BEACON PHOTO/AL EVERSON DELTONA DEVELOPMENT — Land-use attorney Mark Watts makes a presentation to the Deltona City Commission in 2020, about Hickory Lakes Reserve, a housing development planned on rural land near Osteen. Watts said most of the development projects his firm represents do not require changes in the land use specified in the Comprehensive Land Use Plan, but this Osteen project did require the assignment of a land-use category that had not been assigned when Deltona annexed the land. The project was approved by the Deltona City Commission, and a resident who owns a horse farm nearby sued the city. Deltona set aside $200,000 to defend itself; the lawsuit is pending.

Land-use attorney Mark Watts takes a very long view of the onslaught of growth and development happening today in West Volusia.

Watts — the developers’ attorney for some of the biggest and most controversial local projects over the past three years — followed in his father’s footsteps in this area of the legal profession. And his father shared with his son the wisdom of a fourth-generation Floridian.

In his view, Watts said, the current flurry of housing projects is actually simply the response of a free market to pent-up demand.

That demand, and a housing shortage, were created largely by a recessionary building bust from 2008 through 2012, along with the enduring popularity of Florida in general, and West Volusia in particular.

“Like it or not, Florida is a growth state,” Watts said.

Before this current surge, Watts noted, the last big contributions to the housing inventory — Victoria Park, Saddlebrook and Bent Oaks, for example — occurred in the late 1990s.

“Since that time, you haven’t seen really big projects come through and be approved,” Watts said. “For 20 years, we’ve been consuming the inventory.”

Watts hasn’t charted it, but is betting the DeLand area’s current population growth rate doesn’t deviate much from the growth in Central Florida overall.

The cause of that attraction can be traced back to a time when promoters of Florida were trying to coax people to move to a place that offered plenty of mosquitoes, ubiquitous swamps and the not-too-infrequent hurricanes.

They figured low taxes would help, and the tax structure hasn’t changed much since. Florida ranks 45th out of 50 states in terms of the tax burden on individuals.

“At a base level, we live in a state that has a tax structure that’s designed to attract people,” Watts said.

This is a double-edged sword, too, because those low tax rates help create infrastructure deficits that growth exacerbates — and Florida’s new growth cannot be held responsible for existing deficits under the state’s constitution.

It’s not a game of musical chairs, where the last guy left standing can be held responsible for fixing the bridge, Watts said.

“Historically, for decades and decades, we have not funded our infrastructure the way we should have,” he said. “There’s a backlog, and the new development can’t legally be held responsible for that backlog.”

The 1985 Growth Management Act gave Florida governments a way to cope, called concurrency.

This state law allowed development proposals to be stalled or denied if there weren’t adequate roads, bridges, schools, water and sewage facilities, and so on, to accommodate them.

But a pro-growth tide washed in, and the Growth Management Act has been dismantled.

“The way the Legislature has governed since 2011 or so, the Legislature has taken away a lot of the provisions of the Growth Management Act,” Watts said. “That really took away a lot of the tools available to local government.”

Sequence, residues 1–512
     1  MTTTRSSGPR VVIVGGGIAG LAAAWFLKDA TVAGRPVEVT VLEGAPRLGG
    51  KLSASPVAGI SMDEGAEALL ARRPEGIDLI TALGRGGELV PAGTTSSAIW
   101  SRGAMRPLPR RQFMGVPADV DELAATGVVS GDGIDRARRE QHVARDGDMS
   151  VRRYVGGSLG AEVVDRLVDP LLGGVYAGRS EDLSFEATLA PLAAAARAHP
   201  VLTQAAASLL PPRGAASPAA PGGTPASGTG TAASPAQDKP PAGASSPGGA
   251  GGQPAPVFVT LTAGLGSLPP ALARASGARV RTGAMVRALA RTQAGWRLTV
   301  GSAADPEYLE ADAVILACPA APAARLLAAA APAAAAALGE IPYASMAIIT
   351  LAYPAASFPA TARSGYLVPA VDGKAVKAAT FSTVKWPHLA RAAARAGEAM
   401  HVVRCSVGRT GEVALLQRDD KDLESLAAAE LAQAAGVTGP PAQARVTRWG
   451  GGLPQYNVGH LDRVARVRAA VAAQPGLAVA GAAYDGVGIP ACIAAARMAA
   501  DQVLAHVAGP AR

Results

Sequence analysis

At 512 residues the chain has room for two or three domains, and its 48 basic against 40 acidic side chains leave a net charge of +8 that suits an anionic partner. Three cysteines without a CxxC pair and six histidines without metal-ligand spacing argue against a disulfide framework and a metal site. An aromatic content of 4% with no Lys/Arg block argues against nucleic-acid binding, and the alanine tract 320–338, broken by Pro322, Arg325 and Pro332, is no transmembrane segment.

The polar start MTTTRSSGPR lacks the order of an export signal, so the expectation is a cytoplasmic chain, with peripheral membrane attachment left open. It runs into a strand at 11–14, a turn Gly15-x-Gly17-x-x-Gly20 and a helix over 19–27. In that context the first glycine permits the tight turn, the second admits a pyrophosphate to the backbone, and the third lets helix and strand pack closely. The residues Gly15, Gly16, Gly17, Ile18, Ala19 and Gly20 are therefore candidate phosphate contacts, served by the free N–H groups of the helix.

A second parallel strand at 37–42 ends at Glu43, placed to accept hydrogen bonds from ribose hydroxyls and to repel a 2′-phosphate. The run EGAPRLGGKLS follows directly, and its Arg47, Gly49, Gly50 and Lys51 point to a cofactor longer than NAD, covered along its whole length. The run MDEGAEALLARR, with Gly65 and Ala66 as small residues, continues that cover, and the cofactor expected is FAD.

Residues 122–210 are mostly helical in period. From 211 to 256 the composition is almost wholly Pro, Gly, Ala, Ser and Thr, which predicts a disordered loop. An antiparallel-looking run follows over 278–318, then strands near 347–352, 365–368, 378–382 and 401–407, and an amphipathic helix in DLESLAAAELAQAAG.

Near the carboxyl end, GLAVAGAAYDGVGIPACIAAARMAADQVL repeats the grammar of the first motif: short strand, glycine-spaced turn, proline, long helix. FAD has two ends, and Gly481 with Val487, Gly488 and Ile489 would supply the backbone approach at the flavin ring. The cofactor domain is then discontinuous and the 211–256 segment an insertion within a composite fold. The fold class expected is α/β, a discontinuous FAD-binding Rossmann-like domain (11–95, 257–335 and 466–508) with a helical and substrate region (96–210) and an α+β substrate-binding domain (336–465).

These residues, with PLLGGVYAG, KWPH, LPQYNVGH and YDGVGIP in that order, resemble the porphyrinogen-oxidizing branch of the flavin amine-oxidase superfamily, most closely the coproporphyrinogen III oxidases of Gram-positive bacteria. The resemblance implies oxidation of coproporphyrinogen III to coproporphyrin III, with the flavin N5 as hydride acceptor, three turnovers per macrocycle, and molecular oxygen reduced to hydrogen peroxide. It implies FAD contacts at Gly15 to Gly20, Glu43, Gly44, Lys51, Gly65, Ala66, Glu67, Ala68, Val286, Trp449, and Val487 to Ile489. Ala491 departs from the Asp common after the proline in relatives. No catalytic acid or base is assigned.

One tool that remains is called “proportionate share,” which requires new developments to pay a share of the cost of infrastructure, like roads, that those projects will make necessary — but none of the backlog.

There are some bright spots. One, Watts said, is that very few of the projects his firm is involved in request a change to the local comprehensive plan.

“So we’re not changing what the community has already adopted and has had on the books for years,” he said.

Another bright spot is the involvement of local people.

“You have investors coming in from the outside, and you have people who are very invested in the community — including us,” Watts said, adding, “The vast majority of our projects are ones where we know the neighbors.”

The Southridge or Sandhill Golf Course development proposal, which has morphed over several months based on input and pressure from the community, is one example of how working together can shape — if not slow or stop — growth.

“The process, I think, has resulted in a whole lot of improvements to that plan,” Watts said. “We’ve tried to take into account all the things we’ve heard from the community.”

The community will get a look at the latest plan for the old golf course when the City Commission takes it up again at a meeting in late October or early November, Watts said.

Everywhere you turn are signs of growth: barren land with trees cut clear, and new houses rising like crops from the land. For this special edition, The Beacon talked with several individuals involved, to get perspectives on growth and development, and some insight into the process. We’ll continue this conversation next week. Share your ideas at


  1. Hello Noah,
    I just wanted to mention that in your article about Volusia County’s impact fees you did not include the water or sewer impact fees. Although these fees are somewhat offset by the cost of a well & septic on a home outside utility services, they are still Impact Fees. Between connection/tap fees and Impact Fees the net result is an increase in cost to the consumer.
    Whether it’s better to use a well/septic vs. government run water/sewer is yet another subject worthy of in-depth discussion. Take care, Bob


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